There’s more to great UX design than selecting pretty pictures. It’s time to stop neglecting your text layout. The art of words is all about the way that words look on the page or screen.
Since the dawn of the written language, the manner in which letters are presented and arranged has always mattered. Today is no different. This post will take a look at why text layout is important, how layout techniques have evolved, and how you can create a masterpiece.
Let’s get to it!
Why text layout matters
Words are the copywriter’s job, right?
Graphic designers are having to be more flexible than ever wearing multiple hats for any given project. Don’t worry though, copy and design go hand in hand and we are starting to see a rise in hybrid positions such as the ‘UX writer.’ *ooohhh*
If you’re feeling uninspired about the art of words here are a few reasons to motivate you.
1. Your readers care… a lot
Clunky layouts and huge blocks of text have been proven to lead to higher bounce rates (people bailing on your website). People usually skim web pages for information, so bad typography, incorrect font size and poor spacing can make reading a real strain. This is bad times two: you’ve lost a user and your reader missed out on your awesome content.
In a world of GIFs, 7 second videos and memes, you’re competing with a lot of media, and if your copy doesn’t captivate a user, you’ll lose them. The reader is always right. Give the people the text layout they want.
2. Your copy is a boat and your design is the ocean
The two were made for each other, but they have to work together.
Great design can make a website look good, but if users aren’t reading your content, then you may be heading towards a marketing shipwreck. It’s the same with your written content. Without visuals and good design your copy is left incomplete.
A word of warning: add too many visuals and you run the risk of drowning out your content. Trust me I’m from Belfast. We built the Titanic. Using too many colors, photos, animations and text features will make your readers jump ship.
It’s all about finding that sweet spot. Keep it clean, keep it clear, keep it readable.
3. Easy to do. Big results.
A little formatting doesn’t take a lot of time, but it can go a long way with your readers. An extra 10 minutes could be the difference between a post that flops and one that goes viral.
You don’t have to be a protegé to master the art of words. The principles of color, layout and typography are simple and easy to follow—especially with help from thanks to some modern, helpful (and free) tools. Speaking of, let’s take a look at how you can create stunning layouts.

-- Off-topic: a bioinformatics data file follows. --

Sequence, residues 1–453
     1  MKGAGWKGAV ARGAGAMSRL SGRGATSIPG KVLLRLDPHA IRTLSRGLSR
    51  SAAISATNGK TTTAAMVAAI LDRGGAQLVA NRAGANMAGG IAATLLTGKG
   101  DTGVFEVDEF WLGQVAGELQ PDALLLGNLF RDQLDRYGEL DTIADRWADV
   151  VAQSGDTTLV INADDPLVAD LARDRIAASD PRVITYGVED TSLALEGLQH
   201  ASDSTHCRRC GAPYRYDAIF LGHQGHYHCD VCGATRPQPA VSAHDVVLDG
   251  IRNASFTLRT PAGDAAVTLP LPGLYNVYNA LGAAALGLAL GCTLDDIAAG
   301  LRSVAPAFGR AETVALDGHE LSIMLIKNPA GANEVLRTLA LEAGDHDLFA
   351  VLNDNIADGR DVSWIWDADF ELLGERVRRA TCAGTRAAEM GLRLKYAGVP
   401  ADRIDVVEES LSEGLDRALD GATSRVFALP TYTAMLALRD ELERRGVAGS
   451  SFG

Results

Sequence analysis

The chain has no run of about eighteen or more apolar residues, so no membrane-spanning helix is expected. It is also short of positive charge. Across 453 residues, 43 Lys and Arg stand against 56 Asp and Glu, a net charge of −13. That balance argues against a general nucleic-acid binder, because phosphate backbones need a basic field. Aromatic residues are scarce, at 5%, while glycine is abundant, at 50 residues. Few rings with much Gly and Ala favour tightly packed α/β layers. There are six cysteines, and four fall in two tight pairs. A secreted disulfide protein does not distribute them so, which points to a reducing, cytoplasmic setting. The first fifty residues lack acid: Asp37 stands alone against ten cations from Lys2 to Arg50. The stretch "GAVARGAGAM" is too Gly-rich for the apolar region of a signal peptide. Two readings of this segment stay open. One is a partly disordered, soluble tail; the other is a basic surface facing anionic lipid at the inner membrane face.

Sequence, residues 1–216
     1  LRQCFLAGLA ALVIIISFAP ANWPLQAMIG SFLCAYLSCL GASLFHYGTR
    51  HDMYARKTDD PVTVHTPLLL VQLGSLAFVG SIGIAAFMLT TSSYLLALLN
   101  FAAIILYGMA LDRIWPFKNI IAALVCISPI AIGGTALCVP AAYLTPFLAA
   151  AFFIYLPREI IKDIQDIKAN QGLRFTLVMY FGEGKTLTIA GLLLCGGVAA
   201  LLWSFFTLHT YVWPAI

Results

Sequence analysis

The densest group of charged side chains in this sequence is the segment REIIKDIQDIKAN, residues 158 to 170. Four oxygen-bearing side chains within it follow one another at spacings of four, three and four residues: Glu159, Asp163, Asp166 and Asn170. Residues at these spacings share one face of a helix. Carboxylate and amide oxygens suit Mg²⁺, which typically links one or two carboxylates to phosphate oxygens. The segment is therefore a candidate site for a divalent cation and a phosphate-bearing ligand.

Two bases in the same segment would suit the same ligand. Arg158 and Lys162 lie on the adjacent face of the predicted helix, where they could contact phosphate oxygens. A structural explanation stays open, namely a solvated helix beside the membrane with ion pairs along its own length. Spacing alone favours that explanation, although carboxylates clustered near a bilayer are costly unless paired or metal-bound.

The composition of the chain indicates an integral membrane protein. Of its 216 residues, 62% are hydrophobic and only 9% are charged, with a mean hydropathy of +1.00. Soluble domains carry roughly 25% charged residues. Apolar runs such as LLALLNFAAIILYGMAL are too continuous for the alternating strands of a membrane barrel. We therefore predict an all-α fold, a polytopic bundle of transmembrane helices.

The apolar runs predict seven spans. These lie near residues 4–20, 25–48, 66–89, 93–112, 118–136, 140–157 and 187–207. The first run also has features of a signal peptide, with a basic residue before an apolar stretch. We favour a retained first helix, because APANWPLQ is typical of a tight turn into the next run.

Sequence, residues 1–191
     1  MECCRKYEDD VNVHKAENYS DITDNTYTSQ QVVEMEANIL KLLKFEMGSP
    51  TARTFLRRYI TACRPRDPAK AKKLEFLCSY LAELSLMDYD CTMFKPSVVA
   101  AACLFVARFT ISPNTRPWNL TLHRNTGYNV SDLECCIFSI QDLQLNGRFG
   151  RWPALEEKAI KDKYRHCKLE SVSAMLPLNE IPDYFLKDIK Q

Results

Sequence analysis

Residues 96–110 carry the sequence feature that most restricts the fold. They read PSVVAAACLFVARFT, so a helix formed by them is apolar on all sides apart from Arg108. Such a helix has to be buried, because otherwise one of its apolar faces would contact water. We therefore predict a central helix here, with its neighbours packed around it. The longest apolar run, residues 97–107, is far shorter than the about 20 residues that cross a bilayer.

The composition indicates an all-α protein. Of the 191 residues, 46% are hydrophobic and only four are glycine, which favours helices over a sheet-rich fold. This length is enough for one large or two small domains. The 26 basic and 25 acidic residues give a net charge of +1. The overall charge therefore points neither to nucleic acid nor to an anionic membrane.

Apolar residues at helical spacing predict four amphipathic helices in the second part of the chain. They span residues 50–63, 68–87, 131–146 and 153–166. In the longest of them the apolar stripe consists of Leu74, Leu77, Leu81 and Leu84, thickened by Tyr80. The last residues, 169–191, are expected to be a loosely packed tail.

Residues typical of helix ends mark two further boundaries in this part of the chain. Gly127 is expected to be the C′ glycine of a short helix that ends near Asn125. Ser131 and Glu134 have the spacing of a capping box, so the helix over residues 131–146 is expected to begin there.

How to master text layout
Don’t worry: you don’t have to be a grid-demon or spend months styling your written content. Follow in the footsteps of those who have discovered these time-tested techniques for text layout.
1. Pick colors that work
Use different colors so written content stands out, but make sure you get it right. Text that’s impossible to read defeats the purpose of what we’re doing. Use tools like Adobe Color to set a color palette for your project with colors that complement one another.
Remember that visibility and readability are more important than pretty looks here. You’ve got to take a pragmatic and functional approach to the written or typed word.
2. Pair your fonts
The only thing worse than clashing colors is clashing fonts.
On rare occasion, dramatically different fonts can be used to provide a stark contrast between a headline/header and body copy. But it often just ends up looking ugly.
Use fonts that are in the same family to keep the art of words consistent across your entire design.
The good news is you don’t have to be a typography wizard to figure it out. With free tools like Typewolf, you can automatically find awesome examples of matching typography so you can find the perfect font styles that go well together and fit your brand.
3. Use headers properly
Header tags are a common feature in most writing platforms. They’re used to make your post look good by allowing users to scan your content quickly. They’re also important for search engine optimization (SEO) and ensuring that your content pops up on Google.
When Google crawls through your site, their system looks for header tags, which usually indicate content that is organized well. Google bots assume that this type of content is more readable and bumps it up in search engine results.